Speed Up Your Website with Compression

In my quest for better search engine optimization (SEO) I’ve found that Google considers how fast your site loads in its ratings. There are a lot of things you can do to clean up and reduce the size of your site so that it loads faster but one of the easiest is by using good ole compression. We have been using .ZIP files and .GIF images for as long as I can remember. Why not apply it to your website.

Adding compression to your website will make it load faster. Faster makes your visitors happy. Faster makes Google happy. Compression also reduces the amount of bandwidth your site consumes making you and/or your host happy. The only downside is that it will add some load to your server as it does have to do all the compression. The load is noticeable. My server went from a typical 0.009% CPU load to a 1.5% CPU load when I turned on compression. After a day the CPU usage settled to around 0.09% CPU or roughly 10x more than it was using without compression. I’m not sure why it was so high the first day. I’ve got lots of CPU to spare but you may not be in the same boat. If your server is running at 10% CPU or more watch the CPU usage closely when turning on compression. If you overload your server you could end up serving pages slower.

After turning compression on I sampled 10 of my sites and the front pages were compressed from a low of 54.7% to a high of 89.8%. The average amount of compression was 68.3% for the 10 sites I randomly sampled. I was surprised at just how high those numbers are.

Turning on GZIP compression with an Apache2 server is super easy. Your server must have mod_deflate installed.

If you don’t have access to your servers configuration files you can turn compression on using your .htaccess file. Add this line to your .htaccess:

AddOutputFilterByType DEFLATE text/html text/plain text/xml text/css text/javascript application/javascript application/x-javascript

Once that is done you should test your site. Here are some popular online page compression test sites:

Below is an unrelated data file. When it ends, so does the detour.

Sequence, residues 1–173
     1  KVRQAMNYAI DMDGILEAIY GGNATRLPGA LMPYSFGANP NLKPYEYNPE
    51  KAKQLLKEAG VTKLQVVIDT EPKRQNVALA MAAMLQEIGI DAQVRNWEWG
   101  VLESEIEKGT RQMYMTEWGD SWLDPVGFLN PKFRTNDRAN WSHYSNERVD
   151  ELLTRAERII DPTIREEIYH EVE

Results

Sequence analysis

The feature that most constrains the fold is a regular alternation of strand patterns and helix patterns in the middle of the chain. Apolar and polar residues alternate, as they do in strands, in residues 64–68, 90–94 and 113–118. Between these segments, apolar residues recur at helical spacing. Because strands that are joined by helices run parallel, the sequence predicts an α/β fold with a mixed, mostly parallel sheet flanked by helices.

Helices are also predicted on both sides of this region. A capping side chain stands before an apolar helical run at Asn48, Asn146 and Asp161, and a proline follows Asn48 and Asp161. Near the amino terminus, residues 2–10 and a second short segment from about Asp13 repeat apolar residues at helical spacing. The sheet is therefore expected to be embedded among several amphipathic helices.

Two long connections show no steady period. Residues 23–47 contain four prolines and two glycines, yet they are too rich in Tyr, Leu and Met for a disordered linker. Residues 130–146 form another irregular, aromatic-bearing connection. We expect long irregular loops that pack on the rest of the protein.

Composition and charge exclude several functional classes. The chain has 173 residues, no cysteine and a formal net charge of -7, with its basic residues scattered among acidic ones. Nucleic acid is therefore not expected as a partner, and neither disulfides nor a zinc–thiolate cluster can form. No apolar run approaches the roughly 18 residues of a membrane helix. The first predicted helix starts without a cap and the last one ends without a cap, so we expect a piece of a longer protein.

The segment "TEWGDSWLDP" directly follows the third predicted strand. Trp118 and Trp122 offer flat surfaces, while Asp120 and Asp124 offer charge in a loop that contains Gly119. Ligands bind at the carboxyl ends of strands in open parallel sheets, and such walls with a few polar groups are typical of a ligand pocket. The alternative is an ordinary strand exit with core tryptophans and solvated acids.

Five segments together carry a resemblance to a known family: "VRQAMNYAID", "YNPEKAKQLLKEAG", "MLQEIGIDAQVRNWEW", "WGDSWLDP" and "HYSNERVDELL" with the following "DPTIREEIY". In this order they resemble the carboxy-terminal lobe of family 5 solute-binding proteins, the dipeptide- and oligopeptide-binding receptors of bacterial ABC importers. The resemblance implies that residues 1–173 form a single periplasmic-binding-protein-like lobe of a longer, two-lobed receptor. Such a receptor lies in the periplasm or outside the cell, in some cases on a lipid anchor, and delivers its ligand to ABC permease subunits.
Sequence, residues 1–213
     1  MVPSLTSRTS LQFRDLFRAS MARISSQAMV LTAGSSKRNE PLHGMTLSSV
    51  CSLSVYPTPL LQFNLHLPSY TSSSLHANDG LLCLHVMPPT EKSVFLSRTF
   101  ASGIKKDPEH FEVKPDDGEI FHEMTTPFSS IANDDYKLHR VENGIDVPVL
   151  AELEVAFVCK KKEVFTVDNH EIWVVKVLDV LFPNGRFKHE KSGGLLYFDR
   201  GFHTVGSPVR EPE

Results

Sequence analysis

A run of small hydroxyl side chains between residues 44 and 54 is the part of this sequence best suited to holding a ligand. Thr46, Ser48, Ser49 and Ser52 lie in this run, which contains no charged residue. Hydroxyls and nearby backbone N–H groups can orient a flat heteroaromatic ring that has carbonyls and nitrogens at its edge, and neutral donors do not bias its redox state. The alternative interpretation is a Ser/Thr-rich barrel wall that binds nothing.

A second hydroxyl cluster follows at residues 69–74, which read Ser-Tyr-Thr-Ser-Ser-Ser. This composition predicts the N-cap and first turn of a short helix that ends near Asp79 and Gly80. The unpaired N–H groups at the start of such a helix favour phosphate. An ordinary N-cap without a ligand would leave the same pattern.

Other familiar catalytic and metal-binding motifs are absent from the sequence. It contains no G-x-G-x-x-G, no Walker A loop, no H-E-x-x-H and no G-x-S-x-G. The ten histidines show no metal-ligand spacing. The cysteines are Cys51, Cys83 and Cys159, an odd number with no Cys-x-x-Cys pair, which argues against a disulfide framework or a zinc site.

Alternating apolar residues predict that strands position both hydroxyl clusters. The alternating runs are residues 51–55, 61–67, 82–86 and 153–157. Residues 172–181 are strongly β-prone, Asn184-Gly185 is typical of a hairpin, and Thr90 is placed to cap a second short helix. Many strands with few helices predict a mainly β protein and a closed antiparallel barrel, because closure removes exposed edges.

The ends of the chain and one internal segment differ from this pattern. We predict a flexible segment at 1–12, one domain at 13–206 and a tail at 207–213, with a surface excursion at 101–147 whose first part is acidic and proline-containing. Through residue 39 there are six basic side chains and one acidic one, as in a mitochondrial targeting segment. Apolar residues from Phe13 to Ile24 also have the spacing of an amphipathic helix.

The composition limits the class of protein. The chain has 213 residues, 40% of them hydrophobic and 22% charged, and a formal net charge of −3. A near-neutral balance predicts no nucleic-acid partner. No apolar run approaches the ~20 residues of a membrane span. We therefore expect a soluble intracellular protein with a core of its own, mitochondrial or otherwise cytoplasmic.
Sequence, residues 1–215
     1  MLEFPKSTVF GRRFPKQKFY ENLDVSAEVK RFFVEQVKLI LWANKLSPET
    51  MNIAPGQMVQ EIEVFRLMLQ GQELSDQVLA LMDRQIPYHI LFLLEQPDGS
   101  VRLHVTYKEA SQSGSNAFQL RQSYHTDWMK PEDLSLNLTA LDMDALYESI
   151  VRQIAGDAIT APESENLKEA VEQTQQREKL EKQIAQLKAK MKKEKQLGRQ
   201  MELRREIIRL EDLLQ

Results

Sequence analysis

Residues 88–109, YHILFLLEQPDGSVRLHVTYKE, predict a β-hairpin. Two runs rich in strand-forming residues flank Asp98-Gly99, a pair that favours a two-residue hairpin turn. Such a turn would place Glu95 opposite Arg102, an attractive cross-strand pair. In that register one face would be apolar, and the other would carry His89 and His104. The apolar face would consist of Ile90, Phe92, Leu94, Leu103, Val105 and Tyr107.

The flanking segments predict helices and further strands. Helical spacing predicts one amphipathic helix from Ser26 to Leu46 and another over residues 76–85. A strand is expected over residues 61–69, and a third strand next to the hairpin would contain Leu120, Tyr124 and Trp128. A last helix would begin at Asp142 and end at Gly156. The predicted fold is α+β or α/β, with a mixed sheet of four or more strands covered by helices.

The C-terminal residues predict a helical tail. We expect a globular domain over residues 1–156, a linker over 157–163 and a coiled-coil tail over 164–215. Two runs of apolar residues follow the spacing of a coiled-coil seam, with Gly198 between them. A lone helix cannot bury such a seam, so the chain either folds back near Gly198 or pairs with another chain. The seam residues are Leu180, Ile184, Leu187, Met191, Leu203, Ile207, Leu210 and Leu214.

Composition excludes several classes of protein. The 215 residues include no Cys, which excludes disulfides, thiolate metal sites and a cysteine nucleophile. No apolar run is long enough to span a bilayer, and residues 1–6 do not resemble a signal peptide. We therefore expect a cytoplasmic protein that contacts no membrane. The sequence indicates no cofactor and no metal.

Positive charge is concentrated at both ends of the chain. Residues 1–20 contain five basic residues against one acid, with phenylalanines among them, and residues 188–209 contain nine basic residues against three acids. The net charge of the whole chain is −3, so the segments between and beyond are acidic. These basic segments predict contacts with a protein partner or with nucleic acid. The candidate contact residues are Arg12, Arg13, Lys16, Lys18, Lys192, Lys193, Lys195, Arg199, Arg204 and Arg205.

If you do have access to your servers httpd.conf file here is the code to turn compression on for every site on your server. This code compresses everything except the specified file types. In addition to mod_deflate you will also need mod_setenvif and mod_headers installed. They should be, if not you can just remove those sections from the code and it should still work fine.

<IfModule mod_deflate.c>
SetOutputFilter DEFLATE

<IfModule mod_setenvif.c>
# Netscape 4.x has some problems
BrowserMatch ^Mozilla/4 gzip-only-text/html

# Netscape 4.06-4.08 have some more problems
BrowserMatch ^Mozilla/4\.0[678] no-gzip

# MSIE masquerades as Netscape, but it is fine
BrowserMatch \bMSIE !no-gzip !gzip-only-text/html

# NOTE: Due to a bug in mod_setenvif up to Apache 2.0.48, the above regex won’t work. You can use the following
# workaround (comment the above line and uncomment the below line) to get the desired effect:
# BrowserMatch \bMSI[E] !no-gzip !gzip-only-text/html

# file-types indicated will not be compressed
SetEnvIfNoCase Request_URI .(?:gif|jpe?g|png)$ no-gzip dont-vary
SetEnvIfNoCase Request_URI .(?:exe|t?gz|zip|bz2|sit|rar)$ no-gzip dont-vary
SetEnvIfNoCase Request_URI .(?:avi|mov|mp3|mp4|rm|flv|swf|mp?g)$ no-gzip dont-vary
SetEnvIfNoCase Request_URI .pdf$ no-gzip dont-vary
<IfModule mod_headers.c>
Header append Vary User-Agent env=!dont-vary

The mod_deflate section does the compression work with the SetEnvIfNoCase lines specifying types of files NOT to compress. Change the code accordingly to reflect the file types to exclude. The mod_setenvif is there to provide compatibility with some browsers that don’t support compression. The mod_headers section instructs browser to append the new value (User-Agent) of the Vary header to any previous value of the Vary header (separating the new value from the old one by a comma) or to create a new value for the Vary header, if the dont-vary environment variable is undefined within the environment of the executing Apache service. It causes Apache to alert proxies that cached response should be sent only to clients that send the appropriate Accept-Encoding request header, and thus prevent compressed content from being sent to a client that does not understand it.

Remember you will need to restart your Apache server after you modify the httpd.conf file.

apachectl graceful

I suggest you start by adding the simple line of code above to your .htaccess file and testing your site. Once you are happy with the results and I’m sure you will be go ahead and modify your httpd.conf file if you have access to it.

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One Response to Speed Up Your Website with Compression

  1. For commandline testing you can use wget:
    wget –save-headers –header\=”Accept-Encoding: gzip,deflate” http://website.com

    Or use this good online tool:

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